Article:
Mardi Gras is a time for celebration and excess before Lent begins on Ash Wednesday.  Since Lent is a time for penance and fasting from foods and festivals, Mardi Gras is the time to indulge and party.  Fat Tuesday is so named because it is the last day to feast on rich foods before fasting.  Mardi Gras starts on the Feast of the Epiphany, or Twelfth Night.  A traditional component is the king cake.  King cake is a ring of braided baked dough that has a baby inserted.  The person who receives the slice with the baby has to host the next king cake party or bring the king cake to the next party. 

Float Flowers Mardi Gras World New Orleans

Mardi Gras even has a Voodoo component.  Skull and Bone Gangs appear the morning of Mardi Gras, dressed in papier-mâché skull heads and skeleton suits.  Their task is to impress upon people, especially young ones, the dangers of negative influences like drinking and drugs.  They disappear by midday once their message has been spread.  The Skull and Bone Gangs have roots in African Voodoo, which had secret societies that propagated social norms.  In Voodoo beliefs skeleton figures served as warnings that life is fleeting.

Enjoying Mardi Gras in New Orleans When It’s Not Mardi Gras

If you aren’t traveling to New Orleans during Mardi Gras season, it is still possible to learn more about Mardi Gras and see some of the costumes and floats of Mardi Gras.

Mardi Gras World

Mardi Gras World Prop Shop New Orleans

If you aren’t able to be in New Orleans for Mardi Gras but want to see what Mardi Gras is all about, the best place to do so is at Mardi Gras World.  Mardi Gras World is owned by Kern Studios, which creates the floats for 16 Mardi Gras krewes every year.  Mardi Gras World is a working warehouse where visitors first watch a short movie about the history of Mardi Gras and Kern Studios and then take a guided tour of the warehouse, watching Mardi Gras artists at work and getting an up close look at the props and floats of the Mardi Gras parades and how they’re made. 


Arnaud's Mardi Gras Museum New Orleans

Arnaud’s is one of New Orleans’ oldest restaurants and also has a Mardi Gras Museum.  Arnaud’s was first opened by Count Arnaud Cazenave in 1883.  He passed the restaurant on to his daughter Germaine Cazenave Wells.  Germaine is said to have reigned as a Mardi Gras Queen a record 22 times, more than any other woman in the history of Mardi Gras.  The one room museum displays a number of Germaine’s Mardi Gras costumes, including many of her Queen costumes.  There are also a few of Count Arnaud’s King costumes on display.  Each costume is accompanied by an original photograph of Germaine wearing the costume.

Louisiana State Museum: The Presbytere

The Presbytere Mardi Gras Exhibit New Orleans

The second floor of The Presbytere, one of the museums that comprise the Louisiana State Museum, is dedicated to Mardi Gras.  The exhibits trace the history of Mardi Gras parades and balls in New Orleans. On display are crowns and scepters, costumes, masks, and more.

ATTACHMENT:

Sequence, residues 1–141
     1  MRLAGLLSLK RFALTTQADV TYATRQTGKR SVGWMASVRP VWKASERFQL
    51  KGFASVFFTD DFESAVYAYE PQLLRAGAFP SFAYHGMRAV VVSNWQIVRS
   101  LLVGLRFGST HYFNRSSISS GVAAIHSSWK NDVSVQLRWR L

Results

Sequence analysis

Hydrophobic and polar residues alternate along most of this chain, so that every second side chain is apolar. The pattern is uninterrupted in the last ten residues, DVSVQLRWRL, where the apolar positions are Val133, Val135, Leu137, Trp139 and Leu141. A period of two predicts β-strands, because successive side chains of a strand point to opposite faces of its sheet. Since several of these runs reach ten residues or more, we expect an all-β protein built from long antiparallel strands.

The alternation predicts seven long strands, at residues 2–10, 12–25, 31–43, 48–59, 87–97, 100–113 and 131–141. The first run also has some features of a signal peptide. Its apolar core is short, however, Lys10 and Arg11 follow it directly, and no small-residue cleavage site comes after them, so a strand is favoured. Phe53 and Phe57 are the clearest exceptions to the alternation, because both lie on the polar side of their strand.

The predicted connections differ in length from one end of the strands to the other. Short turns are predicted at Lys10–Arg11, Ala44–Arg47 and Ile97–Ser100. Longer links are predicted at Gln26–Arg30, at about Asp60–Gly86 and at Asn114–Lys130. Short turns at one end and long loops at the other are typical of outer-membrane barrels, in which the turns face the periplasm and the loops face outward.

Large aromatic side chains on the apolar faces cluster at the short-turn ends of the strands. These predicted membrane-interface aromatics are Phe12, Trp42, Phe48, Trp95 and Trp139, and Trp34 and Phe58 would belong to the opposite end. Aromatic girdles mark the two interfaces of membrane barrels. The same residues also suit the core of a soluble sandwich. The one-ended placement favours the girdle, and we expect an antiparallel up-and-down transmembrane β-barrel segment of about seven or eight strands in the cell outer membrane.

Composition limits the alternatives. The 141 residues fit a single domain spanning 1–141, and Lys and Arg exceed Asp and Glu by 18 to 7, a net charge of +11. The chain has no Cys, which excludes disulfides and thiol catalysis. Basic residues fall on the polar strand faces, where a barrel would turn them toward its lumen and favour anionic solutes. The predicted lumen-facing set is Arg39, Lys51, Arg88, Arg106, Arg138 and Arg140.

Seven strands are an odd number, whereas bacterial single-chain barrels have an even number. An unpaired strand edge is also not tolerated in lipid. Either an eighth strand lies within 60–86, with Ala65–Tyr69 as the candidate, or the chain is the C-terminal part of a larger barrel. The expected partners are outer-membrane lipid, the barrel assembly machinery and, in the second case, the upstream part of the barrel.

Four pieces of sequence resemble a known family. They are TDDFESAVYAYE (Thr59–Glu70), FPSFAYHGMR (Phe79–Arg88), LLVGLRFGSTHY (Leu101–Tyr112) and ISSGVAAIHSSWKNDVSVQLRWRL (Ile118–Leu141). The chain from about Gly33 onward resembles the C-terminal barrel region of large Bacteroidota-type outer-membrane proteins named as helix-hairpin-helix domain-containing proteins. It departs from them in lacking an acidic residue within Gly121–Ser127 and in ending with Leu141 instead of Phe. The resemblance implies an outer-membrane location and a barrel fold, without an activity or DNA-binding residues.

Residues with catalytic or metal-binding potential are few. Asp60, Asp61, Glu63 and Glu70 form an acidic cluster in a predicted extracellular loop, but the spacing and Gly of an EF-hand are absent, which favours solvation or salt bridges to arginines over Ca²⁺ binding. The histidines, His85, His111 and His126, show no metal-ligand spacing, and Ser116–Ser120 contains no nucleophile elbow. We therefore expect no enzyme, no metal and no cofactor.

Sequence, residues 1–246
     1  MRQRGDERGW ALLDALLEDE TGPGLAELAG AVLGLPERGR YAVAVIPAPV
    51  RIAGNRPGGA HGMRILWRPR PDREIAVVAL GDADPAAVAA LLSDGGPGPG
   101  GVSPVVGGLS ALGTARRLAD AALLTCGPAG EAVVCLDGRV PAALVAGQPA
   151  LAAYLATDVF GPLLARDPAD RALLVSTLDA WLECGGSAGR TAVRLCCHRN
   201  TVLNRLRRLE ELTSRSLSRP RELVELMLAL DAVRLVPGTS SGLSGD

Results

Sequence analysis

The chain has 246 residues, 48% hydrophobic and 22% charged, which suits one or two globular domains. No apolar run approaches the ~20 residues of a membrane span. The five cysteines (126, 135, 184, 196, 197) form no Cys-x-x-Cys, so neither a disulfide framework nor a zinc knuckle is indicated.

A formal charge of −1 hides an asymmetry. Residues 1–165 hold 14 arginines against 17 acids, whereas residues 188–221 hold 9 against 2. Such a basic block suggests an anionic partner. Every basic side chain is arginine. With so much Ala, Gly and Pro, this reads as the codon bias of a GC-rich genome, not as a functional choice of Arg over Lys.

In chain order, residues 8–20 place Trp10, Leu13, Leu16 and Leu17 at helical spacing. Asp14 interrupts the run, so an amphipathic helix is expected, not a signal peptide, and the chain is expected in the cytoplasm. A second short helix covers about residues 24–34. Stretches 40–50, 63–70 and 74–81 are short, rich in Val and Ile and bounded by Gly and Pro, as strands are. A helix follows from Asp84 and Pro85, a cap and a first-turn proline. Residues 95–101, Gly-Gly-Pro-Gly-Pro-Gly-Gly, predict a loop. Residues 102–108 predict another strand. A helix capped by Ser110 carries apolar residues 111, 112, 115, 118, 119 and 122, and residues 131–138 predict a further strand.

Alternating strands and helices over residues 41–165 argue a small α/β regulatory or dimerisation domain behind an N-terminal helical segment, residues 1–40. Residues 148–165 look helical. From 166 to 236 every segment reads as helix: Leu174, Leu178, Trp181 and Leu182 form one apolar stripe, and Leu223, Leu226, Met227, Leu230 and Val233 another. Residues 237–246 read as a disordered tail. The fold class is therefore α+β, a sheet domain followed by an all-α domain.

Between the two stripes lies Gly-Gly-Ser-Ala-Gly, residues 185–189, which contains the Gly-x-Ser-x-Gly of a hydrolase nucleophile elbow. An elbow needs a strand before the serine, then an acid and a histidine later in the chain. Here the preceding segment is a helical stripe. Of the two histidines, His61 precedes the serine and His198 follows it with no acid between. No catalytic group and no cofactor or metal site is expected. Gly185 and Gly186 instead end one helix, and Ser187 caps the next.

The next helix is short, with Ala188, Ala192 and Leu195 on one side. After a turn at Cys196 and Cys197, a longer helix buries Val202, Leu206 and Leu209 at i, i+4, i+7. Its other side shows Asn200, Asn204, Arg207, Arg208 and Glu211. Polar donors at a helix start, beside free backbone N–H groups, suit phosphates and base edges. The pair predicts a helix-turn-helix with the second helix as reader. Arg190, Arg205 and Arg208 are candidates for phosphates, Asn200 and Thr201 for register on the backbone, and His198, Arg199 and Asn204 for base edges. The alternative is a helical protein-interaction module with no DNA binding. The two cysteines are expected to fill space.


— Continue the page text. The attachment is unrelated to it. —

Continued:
Stories from the Locals

Krewe of Cork Mardi Gras New Orleans

If you’re around New Orleans locals for long enough you are sure to hear some of their personal Mardi Gras stories.  On our Hop On Hop Off bus with City Sightseeing New Orleans we learned all about being a member of a krewe from our guide.  She has been a riding member of a krewe for years. She impressed upon us how expensive it can be to be a member of a krewe with dues, costume costs, and throw costs, but she said it is all worthwhile when riding on a float during a Mardi Gras parade.  She said there’s no other feeling like it in the world and you feel like a celebrity.  Our Historic New Orleans Tours guide Nita was proud to let us know that she was a former Queen of the Krewe of Cosmic Debris.  Patrick Van Hoorebeek, General Manager of the French Quarter wine bar Patrick’s Bar Vin, is also King of the Krewe of Cork, the krewe of wine, food and fun.  He proudly displays Krewe of Cork posters around his bar.  It is when you talk to people who have lived in New Orleans for decades that you realize how deeply Mardi Gras is engrained in the New Orleans culture.

Walking the Streets of New Orleans

Mardi Gras Beads in the Trees of the Garden District New Orleans

What really surprised me were the signs of Mardi Gras around the city.  Walking along the main streets of the Garden District one just needs to look up to see Mardi Gras year-round.  Trees along the parade routes are trimmed with Mardi Gras beads, and there are even beads hanging from the power lines, serving as a constant reminder that New Orleans is a city of celebration.

Future Mardi Gras Dates

Phantom of the Opera Prop Mardi Gras World

If you want a celebration of Mardi Gras to be in your travel future, be sure to mark your calendar for a future Mardi Gras, join the Mardi Gras celebration in festive New Orleans, and laissez les bons temps rouler (let the good times roll)!

2015: February 17
2016: February 9
2017: February 28
2018: February 13
2019: March 5
2020: February 25
2021: February 16
2022: March 1
2023: February 21
2024: February 13
2025: March 4

Thank you to the New Orleans Convention and Visitors Bureau and the New Orleans Hotel Collection for hosting our trip to New Orleans and making this post possible.  As always, all opinions are my own.  For updates on what is happening in New Orleans, follow the New Orleans CVB on Facebook, Twitter, and Instagram.

Travel the World: The history and traditions of Mardi Gras, common Mardi Gras misconceptions, and how to celebrate Mardi Gras in New Orleans year-round.

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Katherine Belarmino and Romeo Belarmino are the authors of Travel the World, a travel blog for the everyday working stiff. They work full-time in non-travel related jobs, but take every opportunity they can to travel the world during their limited vacation time.